• A man can seem kind and thoughtful, but there is always the potential caveat of that turning into flirtatious behavior.
  • Reading a book with heavy influence from the subject always comes with a few caveats.
  • As long as a person avoids the caveat of overcooking shrimp, it is pretty straightforward to prepare.
  • There are always at least a few caveats when buying anything used online, especially in today's climate.
  • A sale might look great on paper, but there is usually at least a caveat or two that will frustrate people looking for specific items.
  • One caveat: smaller locations do not tend to get the same type of inventory as larger stores in a big-name company.
  • In nearly any trust fund fine print, there is at least a caveat or two that the child must be well aware of so they do not lose the money.
  • Before failing to make a monthly payment, make sure that there is no caveat in the contract that might be a surprise.
  • Every single caveat in a structured deal could impact the bottom line.
  • The bigger the caveat, the harder it is for a real deal to come to fruition.
  • Going to a doctor with low rates can help people with no health insurance, but they usually come with a caveat or two.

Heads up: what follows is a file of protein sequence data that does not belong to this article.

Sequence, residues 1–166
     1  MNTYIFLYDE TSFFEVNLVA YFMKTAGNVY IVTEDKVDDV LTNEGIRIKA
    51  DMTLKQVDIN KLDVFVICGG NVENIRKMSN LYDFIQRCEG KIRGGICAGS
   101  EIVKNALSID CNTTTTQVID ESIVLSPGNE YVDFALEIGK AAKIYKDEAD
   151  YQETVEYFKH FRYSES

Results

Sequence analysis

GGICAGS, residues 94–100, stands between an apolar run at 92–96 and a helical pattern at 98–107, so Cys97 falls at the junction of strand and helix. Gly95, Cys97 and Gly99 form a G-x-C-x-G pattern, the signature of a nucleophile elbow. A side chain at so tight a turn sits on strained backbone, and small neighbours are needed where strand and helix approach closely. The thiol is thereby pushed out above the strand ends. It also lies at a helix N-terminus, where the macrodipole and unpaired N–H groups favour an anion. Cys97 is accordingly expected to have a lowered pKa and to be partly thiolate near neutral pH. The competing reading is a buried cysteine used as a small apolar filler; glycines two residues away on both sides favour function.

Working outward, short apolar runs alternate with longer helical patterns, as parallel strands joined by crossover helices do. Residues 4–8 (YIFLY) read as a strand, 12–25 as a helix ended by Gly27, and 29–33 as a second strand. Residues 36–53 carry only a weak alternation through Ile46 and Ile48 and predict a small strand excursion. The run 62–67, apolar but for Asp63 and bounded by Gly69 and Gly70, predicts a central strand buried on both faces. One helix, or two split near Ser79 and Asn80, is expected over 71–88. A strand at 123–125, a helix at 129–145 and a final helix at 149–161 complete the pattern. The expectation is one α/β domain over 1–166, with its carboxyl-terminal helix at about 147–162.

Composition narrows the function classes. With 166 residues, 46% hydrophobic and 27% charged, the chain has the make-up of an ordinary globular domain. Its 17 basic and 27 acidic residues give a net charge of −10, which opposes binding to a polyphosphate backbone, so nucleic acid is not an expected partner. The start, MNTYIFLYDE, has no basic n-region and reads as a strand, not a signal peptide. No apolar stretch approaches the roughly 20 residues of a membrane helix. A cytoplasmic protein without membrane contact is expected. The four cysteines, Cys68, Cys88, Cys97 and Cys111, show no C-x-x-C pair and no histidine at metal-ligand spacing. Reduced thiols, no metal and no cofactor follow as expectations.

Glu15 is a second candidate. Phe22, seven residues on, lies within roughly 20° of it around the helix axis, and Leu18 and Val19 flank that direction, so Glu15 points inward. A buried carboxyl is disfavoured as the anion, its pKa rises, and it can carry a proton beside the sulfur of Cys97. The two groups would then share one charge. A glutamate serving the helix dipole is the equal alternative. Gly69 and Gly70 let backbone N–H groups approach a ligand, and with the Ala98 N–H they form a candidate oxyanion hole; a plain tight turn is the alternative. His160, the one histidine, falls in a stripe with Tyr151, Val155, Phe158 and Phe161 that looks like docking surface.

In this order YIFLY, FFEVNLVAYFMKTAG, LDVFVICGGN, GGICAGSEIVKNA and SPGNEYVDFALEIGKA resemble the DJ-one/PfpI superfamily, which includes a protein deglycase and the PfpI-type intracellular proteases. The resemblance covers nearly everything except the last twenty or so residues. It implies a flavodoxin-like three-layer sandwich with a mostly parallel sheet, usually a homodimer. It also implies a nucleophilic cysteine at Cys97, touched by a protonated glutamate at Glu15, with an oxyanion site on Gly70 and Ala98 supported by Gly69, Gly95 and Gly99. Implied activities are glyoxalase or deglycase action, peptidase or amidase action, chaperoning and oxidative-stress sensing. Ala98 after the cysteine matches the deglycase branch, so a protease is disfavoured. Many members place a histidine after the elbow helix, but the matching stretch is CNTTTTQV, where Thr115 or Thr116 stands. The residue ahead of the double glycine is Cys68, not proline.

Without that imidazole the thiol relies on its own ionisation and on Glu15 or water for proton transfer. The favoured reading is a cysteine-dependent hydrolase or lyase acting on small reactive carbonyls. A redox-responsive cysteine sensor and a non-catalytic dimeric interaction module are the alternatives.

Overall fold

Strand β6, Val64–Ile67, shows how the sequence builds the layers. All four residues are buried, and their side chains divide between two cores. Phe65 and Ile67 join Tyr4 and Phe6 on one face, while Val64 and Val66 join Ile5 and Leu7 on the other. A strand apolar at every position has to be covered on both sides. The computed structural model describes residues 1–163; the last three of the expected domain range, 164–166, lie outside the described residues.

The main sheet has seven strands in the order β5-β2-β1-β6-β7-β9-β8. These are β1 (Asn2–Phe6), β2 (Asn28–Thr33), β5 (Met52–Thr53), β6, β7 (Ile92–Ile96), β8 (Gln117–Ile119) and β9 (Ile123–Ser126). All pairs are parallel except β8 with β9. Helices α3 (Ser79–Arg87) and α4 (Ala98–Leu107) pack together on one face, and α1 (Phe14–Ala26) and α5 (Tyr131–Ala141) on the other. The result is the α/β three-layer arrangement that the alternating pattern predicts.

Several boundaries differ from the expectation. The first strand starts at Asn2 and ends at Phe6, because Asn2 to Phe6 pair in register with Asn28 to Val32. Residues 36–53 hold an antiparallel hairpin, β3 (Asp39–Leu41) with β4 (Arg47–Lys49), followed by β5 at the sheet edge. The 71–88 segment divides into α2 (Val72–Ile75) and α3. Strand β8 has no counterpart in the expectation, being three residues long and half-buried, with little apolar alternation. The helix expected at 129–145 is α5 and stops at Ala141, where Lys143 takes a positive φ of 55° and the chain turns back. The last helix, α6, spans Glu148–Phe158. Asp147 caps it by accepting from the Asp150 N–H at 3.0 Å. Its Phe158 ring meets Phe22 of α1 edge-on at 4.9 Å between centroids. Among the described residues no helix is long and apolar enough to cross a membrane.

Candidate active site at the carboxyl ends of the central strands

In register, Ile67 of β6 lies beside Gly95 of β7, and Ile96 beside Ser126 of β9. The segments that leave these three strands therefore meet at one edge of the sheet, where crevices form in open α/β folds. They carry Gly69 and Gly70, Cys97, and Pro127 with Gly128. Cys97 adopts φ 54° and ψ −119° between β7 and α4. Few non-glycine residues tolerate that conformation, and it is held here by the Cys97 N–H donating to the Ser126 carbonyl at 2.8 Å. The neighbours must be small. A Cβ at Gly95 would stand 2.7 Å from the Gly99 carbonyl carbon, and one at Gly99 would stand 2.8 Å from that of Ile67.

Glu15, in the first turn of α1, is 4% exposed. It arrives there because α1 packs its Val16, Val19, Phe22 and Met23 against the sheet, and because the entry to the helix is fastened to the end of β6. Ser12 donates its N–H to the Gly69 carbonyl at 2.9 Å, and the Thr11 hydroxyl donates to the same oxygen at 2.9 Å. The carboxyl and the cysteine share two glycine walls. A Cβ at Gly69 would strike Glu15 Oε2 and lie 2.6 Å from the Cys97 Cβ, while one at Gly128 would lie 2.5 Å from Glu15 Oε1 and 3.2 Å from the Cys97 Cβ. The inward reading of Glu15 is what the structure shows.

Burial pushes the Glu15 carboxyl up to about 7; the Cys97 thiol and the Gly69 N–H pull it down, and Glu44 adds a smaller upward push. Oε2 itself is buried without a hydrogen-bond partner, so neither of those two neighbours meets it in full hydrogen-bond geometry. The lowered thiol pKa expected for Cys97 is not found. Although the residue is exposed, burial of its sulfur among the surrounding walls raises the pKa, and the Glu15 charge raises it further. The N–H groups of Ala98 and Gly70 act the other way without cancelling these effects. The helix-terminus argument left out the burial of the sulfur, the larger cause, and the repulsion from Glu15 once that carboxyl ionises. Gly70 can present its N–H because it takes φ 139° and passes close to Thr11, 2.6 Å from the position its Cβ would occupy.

• A person can try to file a caveat to secure an invention, as long as no patents already exist.
  • A teacher Who leans one way or another politically should probably let their students know about any caveats in their lectures.
  • It is better to throw in a caveat at the end of a speech rather than let it go without any mention.
  • It is hard to throw a caveat in there without any proof to back it up.
  • If any student is providing a caveat that seems troubling to others, they are immediately reported to law enforcement to protect others.
  • If there is one thing to keep in mind, it is that there is a caveat with just about any deal.

Caveat emptor

As mentioned before, a lot of people first come across the word caveat in the saying caveat emptor. In Latin, this translates to "let the buyer beware." It has turned into a bit of a proverb, especially in English-speaking countries. The reason why is it is part of contract law jargon.

The phrase acts as part of a disclaimer relating to the amount of information a buyer might have. In just about any transaction, the buyer has less information than the seller, so having some level of caveat emptor makes sense.

The full form of this phrase in Latin is "Caveat emptor, quia ignorare non debuit quod jus alienum emit." This translates to "Let a purchaser beware, for he ought not to be ignorant of the nature of the property which he is buying from another party."

Understanding the principle of caveat emptor